So, how can this be taken forward in practice? A good starting point is to audit the current position using the questions below. Where an aspect is not in place or needs review and attention, then this should form the basis of action planning and projecting the time necessary to address these areas for development.

  • Is there a dedicated e-safety lead in place?

  • Does the school have an e-safety policy? Is it updated on a regular basis and in response to emerging issues?

  • Is there acceptable use document for children? What about a user agreement for staff?

  • Has there been staff training related to e-safety? Does this include all staff groups? For example, teachers, leadership and management as well as support staff.

  • Is there a proactive approach to getting e-safety messages across to children? For example, a planned series of assemblies, a scheme of work and so on.

  • Are parents and carers involved in the school’s e-safety work?
  • By establishing a baseline in relation to these areas, formulating a plan of action, schools can therefore progress towards stronger e-safety provision and develop clarity in the impact on the school, staff, pupils and parents and carers.



    If you would like to share your thoughts on the issues raised in this article, please let us know by using the comments section below

    Written by Jazz Williams on November 28, 2013 11:36

    A school e-safety policy is so much more than a set of rules

    In the months since the inclusion of e-safety as part of the Ofsted inspection criteria, many schools are beginning to come to terms with the e-safety inspection criteria which includes; having a whole school consistent approach, developing robust and integrated reporting routines, having staff training and responsibilities identified, delivering age appropriate education, having the correct infrastructure, monitoring and evaluation, management of personal data and last but certainly not least, a school e-safety policy.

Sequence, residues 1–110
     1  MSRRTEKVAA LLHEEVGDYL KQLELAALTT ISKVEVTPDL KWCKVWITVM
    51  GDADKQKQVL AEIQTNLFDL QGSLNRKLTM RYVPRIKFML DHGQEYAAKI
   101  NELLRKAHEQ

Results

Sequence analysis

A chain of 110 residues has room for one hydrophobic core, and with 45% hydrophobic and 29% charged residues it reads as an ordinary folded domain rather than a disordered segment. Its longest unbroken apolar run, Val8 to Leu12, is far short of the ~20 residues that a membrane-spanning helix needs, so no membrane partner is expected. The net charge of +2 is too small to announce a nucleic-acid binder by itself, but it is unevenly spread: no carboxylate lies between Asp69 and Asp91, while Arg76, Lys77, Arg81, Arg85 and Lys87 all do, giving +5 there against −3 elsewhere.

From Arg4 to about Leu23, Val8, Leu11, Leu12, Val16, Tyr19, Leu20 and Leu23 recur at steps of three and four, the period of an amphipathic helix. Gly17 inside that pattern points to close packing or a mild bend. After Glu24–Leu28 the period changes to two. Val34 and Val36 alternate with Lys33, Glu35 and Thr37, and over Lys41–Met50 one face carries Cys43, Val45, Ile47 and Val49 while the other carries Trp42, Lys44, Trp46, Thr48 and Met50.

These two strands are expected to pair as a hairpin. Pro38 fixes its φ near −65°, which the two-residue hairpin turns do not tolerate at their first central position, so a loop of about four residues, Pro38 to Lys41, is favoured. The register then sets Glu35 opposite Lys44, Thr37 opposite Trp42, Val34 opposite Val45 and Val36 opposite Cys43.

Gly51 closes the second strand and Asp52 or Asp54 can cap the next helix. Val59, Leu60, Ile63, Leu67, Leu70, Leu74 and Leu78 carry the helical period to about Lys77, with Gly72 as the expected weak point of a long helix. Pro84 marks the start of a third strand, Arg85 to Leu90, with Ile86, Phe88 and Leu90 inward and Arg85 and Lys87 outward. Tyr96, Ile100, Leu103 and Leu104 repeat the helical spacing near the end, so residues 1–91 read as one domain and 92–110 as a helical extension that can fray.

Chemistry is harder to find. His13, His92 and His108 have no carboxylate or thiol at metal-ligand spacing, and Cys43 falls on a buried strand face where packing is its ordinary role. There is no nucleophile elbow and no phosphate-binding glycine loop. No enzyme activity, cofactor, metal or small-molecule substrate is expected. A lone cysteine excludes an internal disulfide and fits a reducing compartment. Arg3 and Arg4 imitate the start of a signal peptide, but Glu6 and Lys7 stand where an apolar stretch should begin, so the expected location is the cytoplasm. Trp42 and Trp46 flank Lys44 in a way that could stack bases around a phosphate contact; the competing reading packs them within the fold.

In the most recent Ofsted ‘Inspecting e-safety in schools’ briefing, they identify key features of good or outstanding practice for e-safety policies as:

  • Rigorous e-safety policies and procedures are in place, written in plain English, contributed to by the whole school, updated regularly and ratified by governors.

  • The e-safety policy should be integrated with other relevant policies such as behaviour, safeguarding and anti-bullying.

  • The e-safety policy should incorporate an Acceptable Usage Policy that is understood and respected by pupils, staff and parents.
  • Significantly, there is only one indicator of inadequate practice:

  • Policies are generic and not updated.
  • It is easy to see why schools could fall into the latter category, not least because the e-safety inspection is a relatively new addition to the Ofsted inspection and may not yet be fully integrated with the other school procedures and policies. Downloading a 'one size fits all' policy template from the internet is a quick fix, but isn’t ideal and indeed, not a satisfactory solution where Ofsted in concerned.

    If e-safety issues are global and the associated risks applicable to all young people, why is an off-the-shelf policy inadequate. The answer to this lies with the whole school community involvement. If a policy were aimed at just students in a single year group, then it’s possible that a generic policy could well stand up to interrogation. However, add several more year groups, plus their parents and not forgetting their teachers, governors – the entire school community – and the parameters for the policy become vastly different.

    Each school will have a different relationship with its stakeholders – some school may have a locked down IT systems which prevent certain websites within the school, however once outside the school environment, pupils could have unrestricted access. This situation would require a different policy for pupils and parents to those which allow unrestricted (but monitored) access to the internet.